Search the Web for Insider Business Information - dummies

Search the Web for Insider Business Information

By Marsha Collier

You might want to search the web and social media for trends and information about similar products, services, and businesses; as well as search out your competition. Here are some inside tricks of the web search gurus.

Here is an example of a business website that first went online in 1996. The owner learned early about the wealth of knowledge that can be found by performing in-depth searches. Finding esoteric information online became a passion for this person. She uses the information in her business and when researching for the books she writes.

An early business website, circa 1996.
An early business website, circa 1996.

If you are in a pinch and don’t remember the search operators described in this section, go to Google’s Advanced Search page. From that page, you can include and exclude words and phrases and even find free images to use.

Explicit phrases

You want to search for a phrase, not the single words. But Google wants to give you every result of each word in the same web page. You can imagine a search like that could possibly come up with millions of results. When searching the web for a name or phrase that has more than one word, be explicit; try the following tricks to refine your search:

  • Use AND or +. When combining words, use AND (all uppercase) or the + character. Do not include a space after the + character. For example,

    marsha AND collier
    marsha +collier
  • Enclose the phrase in quotation marks. When you place your search terms within quotes, the search engine retrieves results with those words, exactly in the order you wrote them. For example,

“marsha collier”

Excluding words

To exclude a word in a search phrase, use – (the minus sign). Suppose you and several other people or businesses have the same or a similar name, such as Brownes Coffee Shop and Brownes Coffee & Tea Shop. If you use the minus sign before the word you want to exclude from the results, you optimize your results; note, however, that you do not add a space after the minus sign. For example:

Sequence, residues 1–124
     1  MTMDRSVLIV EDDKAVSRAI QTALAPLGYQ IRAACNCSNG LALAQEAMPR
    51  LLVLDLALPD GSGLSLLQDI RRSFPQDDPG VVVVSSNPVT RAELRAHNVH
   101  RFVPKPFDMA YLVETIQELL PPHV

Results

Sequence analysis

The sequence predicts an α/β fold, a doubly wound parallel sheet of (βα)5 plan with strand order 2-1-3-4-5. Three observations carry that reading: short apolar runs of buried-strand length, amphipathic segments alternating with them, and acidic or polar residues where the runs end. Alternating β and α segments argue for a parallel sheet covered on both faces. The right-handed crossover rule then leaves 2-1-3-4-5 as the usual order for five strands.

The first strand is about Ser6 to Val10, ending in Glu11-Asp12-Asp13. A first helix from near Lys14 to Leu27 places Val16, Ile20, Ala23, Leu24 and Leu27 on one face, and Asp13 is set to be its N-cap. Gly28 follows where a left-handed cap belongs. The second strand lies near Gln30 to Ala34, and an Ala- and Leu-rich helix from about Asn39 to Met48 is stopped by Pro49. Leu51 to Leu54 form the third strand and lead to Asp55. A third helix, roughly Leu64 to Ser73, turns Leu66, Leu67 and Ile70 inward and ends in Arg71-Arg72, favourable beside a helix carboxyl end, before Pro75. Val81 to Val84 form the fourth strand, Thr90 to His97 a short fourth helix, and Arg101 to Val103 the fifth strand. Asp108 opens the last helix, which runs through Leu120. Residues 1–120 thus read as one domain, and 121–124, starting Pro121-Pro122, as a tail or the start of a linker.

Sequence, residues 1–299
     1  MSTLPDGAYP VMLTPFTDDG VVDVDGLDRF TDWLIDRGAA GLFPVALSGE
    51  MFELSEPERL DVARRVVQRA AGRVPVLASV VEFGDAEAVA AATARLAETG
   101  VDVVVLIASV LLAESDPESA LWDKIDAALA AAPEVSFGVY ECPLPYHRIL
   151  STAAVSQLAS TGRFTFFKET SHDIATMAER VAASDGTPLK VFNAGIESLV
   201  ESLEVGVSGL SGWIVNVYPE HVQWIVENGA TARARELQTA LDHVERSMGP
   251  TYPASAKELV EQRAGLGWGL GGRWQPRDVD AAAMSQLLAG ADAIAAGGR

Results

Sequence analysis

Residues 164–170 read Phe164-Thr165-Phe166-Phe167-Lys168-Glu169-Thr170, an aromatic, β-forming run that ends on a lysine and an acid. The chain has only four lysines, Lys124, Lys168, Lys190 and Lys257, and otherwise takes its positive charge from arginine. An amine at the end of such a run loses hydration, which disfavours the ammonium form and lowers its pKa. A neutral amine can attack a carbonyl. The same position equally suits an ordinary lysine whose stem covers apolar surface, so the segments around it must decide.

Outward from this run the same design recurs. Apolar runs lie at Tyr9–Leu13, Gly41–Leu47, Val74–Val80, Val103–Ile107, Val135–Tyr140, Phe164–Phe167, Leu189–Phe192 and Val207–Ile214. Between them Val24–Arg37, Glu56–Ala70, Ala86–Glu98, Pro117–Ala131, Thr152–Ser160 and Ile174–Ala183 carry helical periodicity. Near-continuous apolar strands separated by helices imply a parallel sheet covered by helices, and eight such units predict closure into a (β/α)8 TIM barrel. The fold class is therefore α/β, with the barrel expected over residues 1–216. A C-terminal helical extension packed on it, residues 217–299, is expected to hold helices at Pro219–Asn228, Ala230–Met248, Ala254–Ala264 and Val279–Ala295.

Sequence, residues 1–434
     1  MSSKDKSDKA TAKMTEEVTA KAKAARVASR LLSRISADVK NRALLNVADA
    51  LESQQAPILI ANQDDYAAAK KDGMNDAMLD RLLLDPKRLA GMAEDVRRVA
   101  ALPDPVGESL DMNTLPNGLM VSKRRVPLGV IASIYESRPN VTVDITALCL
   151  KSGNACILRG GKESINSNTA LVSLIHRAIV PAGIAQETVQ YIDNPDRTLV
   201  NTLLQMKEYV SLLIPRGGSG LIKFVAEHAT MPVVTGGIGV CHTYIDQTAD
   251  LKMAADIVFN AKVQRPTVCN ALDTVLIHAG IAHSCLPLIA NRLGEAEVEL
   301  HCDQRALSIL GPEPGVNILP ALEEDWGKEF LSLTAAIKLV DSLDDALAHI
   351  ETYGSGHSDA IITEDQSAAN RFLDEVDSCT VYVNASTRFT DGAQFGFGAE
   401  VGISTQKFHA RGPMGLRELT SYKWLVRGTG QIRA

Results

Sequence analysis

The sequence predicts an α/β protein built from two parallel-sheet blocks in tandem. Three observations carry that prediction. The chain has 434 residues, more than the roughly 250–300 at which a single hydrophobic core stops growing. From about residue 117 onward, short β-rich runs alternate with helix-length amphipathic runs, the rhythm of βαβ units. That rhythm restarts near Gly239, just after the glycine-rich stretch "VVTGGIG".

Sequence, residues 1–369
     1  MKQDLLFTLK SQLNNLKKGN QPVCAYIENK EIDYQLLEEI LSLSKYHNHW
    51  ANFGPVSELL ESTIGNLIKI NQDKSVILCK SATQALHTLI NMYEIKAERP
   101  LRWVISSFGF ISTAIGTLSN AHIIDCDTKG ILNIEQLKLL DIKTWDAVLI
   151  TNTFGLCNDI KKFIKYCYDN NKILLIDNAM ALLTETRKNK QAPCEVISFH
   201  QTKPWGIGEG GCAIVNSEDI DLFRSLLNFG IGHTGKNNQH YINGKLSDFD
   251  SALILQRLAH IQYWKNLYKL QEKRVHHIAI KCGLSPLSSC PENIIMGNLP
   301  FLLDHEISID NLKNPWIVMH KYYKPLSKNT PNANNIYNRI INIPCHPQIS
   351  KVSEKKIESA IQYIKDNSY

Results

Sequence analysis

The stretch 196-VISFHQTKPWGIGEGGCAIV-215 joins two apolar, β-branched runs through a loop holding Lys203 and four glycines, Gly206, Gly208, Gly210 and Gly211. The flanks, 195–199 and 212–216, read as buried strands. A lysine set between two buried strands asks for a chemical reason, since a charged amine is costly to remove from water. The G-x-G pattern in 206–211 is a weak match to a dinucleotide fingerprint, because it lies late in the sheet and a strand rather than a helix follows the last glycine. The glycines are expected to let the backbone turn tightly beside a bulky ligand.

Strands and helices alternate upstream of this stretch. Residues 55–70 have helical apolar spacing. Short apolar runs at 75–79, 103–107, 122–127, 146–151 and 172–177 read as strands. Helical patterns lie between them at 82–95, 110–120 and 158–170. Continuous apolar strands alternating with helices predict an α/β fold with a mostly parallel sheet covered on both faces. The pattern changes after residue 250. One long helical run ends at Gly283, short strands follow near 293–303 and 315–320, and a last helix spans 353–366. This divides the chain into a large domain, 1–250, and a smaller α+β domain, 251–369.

brownes coffee shop -tea
“brownes coffee” -tea

Unique spelling

If you want to search for a word or name with a unique spelling, like Stanly’s Restaurant, Google changes your search to the more common spelling, Stanley’s Restaurant. Google attempts to read your mind and guess your intent by correcting your spelling. Use Google’s verbatim tool to get the results want. Should your search be for a name or word with a unique spelling, do the following:

  1. On the left side of a Google search results page, click Show Search Tools.

  2. In the resulting list, click Verbatim.

  3. In the search box, type your search terms, and then click the magnifying glass icon.

Site search

If you’d like to find results in a certain website, you use the word site, a colon (:), and the search word or phrase. Note that there is no space before or after the colon. For example, if you wanted to search for an author’s name on the Yelp review site, you would type "marsha collier" 

Show search tools

On the left side of a Google search page, you see a category list: Web, Images, Maps, Videos, News, Shopping, Books, and More (clicking More displays more categories). Below that list you might see name of the city you are in, and an option to change the location (in the case of a location search). At the very bottom of these links is a Show Search Tools link. Clicking this link displays the menu shown in the figure so you can select the timeframe in which you’d like to search.

The Show Search Tools link displays many handy variables for this 24-hour search.
The Show Search Tools link displays many handy variables for this 24-hour search.